E. aerogenes: Introduction, Morphology, Pathogenicity, Lab Diagnosis, Treatment, Prevention, and Keynotes


Enterobacter aerogenes is a bacterium belonging to the Enterobacteriaceae family, which includes several other important pathogens and opportunistic bacteria. E. aerogenes is a Gram-negative, rod-shaped bacterium that is commonly found in various environments, including soil, water, and the gastrointestinal tracts of humans and animals. It is considered an opportunistic pathogen, meaning it usually causes infections in individuals with weakened immune systems or underlying health conditions.

Here are some key points about Enterobacter aerogenes:

  1. Taxonomy: Enterobacter aerogenes was previously classified as a member of the Enterobacter cloacae complex, but advanced molecular techniques have allowed for better species differentiation. It’s closely related to Enterobacter cloacae but is now recognized as a separate species.
  2. Infections: It can cause a range of infections, including urinary tract infections, respiratory tract infections, wound infections, and bloodstream infections. It often targets individuals in healthcare settings, particularly those with prolonged hospital stays, usage of medical devices like catheters or ventilators, and compromised immune systems.
  3. Antibiotic Resistance: Like many bacteria within the Enterobacteriaceae family, E. aerogenes has developed resistance to multiple antibiotics. This can make infections caused by this bacterium difficult to treat, increasing the importance of appropriate infection control measures.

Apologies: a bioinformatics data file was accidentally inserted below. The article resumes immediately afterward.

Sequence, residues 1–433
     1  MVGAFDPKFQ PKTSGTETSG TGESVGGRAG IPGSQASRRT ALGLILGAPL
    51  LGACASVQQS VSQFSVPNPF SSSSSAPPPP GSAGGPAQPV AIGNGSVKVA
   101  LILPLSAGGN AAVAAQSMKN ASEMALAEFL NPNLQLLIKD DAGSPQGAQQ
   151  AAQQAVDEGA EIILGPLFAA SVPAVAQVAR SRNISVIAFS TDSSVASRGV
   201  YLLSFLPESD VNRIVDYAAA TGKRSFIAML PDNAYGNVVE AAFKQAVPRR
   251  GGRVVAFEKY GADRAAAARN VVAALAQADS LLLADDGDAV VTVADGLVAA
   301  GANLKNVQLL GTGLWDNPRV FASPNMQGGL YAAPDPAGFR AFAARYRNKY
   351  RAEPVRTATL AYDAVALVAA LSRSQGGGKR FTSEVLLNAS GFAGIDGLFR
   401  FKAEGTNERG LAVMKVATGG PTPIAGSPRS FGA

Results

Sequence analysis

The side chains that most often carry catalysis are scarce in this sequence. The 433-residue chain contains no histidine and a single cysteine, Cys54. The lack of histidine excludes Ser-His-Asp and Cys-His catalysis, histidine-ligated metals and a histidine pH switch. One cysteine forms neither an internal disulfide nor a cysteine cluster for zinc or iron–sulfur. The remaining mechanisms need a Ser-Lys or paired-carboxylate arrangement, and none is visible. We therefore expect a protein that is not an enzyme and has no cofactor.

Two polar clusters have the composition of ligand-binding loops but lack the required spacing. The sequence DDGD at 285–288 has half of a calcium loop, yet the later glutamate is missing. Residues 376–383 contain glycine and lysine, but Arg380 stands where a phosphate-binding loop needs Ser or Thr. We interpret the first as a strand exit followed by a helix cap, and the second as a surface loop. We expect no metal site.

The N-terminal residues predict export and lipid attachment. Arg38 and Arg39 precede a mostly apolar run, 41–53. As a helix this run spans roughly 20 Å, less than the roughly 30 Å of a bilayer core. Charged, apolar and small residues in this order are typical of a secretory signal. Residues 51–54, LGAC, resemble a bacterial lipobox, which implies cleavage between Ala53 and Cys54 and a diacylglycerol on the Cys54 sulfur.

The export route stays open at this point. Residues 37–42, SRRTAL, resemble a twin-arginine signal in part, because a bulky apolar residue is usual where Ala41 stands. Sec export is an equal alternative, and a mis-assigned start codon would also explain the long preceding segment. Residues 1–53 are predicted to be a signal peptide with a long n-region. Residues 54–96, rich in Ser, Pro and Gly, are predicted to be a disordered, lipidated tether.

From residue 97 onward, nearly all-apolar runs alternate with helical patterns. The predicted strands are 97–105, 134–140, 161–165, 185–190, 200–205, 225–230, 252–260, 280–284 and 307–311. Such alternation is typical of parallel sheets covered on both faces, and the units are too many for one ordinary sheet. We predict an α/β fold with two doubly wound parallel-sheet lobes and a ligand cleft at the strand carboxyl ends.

4. Opportunistic Pathogen: It rarely causes infections in healthy individuals with intact immune systems. However, it becomes a concern for patients in hospitals, nursing homes, or those with chronic illnesses that compromise their immune responses.
  5. Biochemical Characteristics: It, like other members of the Enterobacteriaceae family, is facultatively anaerobic, meaning it can grow in both the presence and absence of oxygen. It ferments sugars and produces various metabolic byproducts, aiding in its identification in clinical laboratories.
  6. Laboratory Identification: Clinical laboratories can identify E. aerogenes through biochemical tests, such as the utilization of different sugars and other specific chemical reactions. Molecular techniques like polymerase chain reaction (PCR) can also be used for accurate species identification.
  7. Prevention and Control: To prevent the spread of E. aerogenes infections, healthcare facilities emphasize strict adherence to infection control practices, hand hygiene, and prudent antibiotic use. Isolation precautions may be employed for patients with confirmed or suspected infections.
  8. Research and Clinical Significance: It serves as an important model organism for studying bacterial genetics, metabolism, and resistance mechanisms. Its clinical significance lies in its ability to cause infections in vulnerable individuals and its potential to develop antibiotic resistance.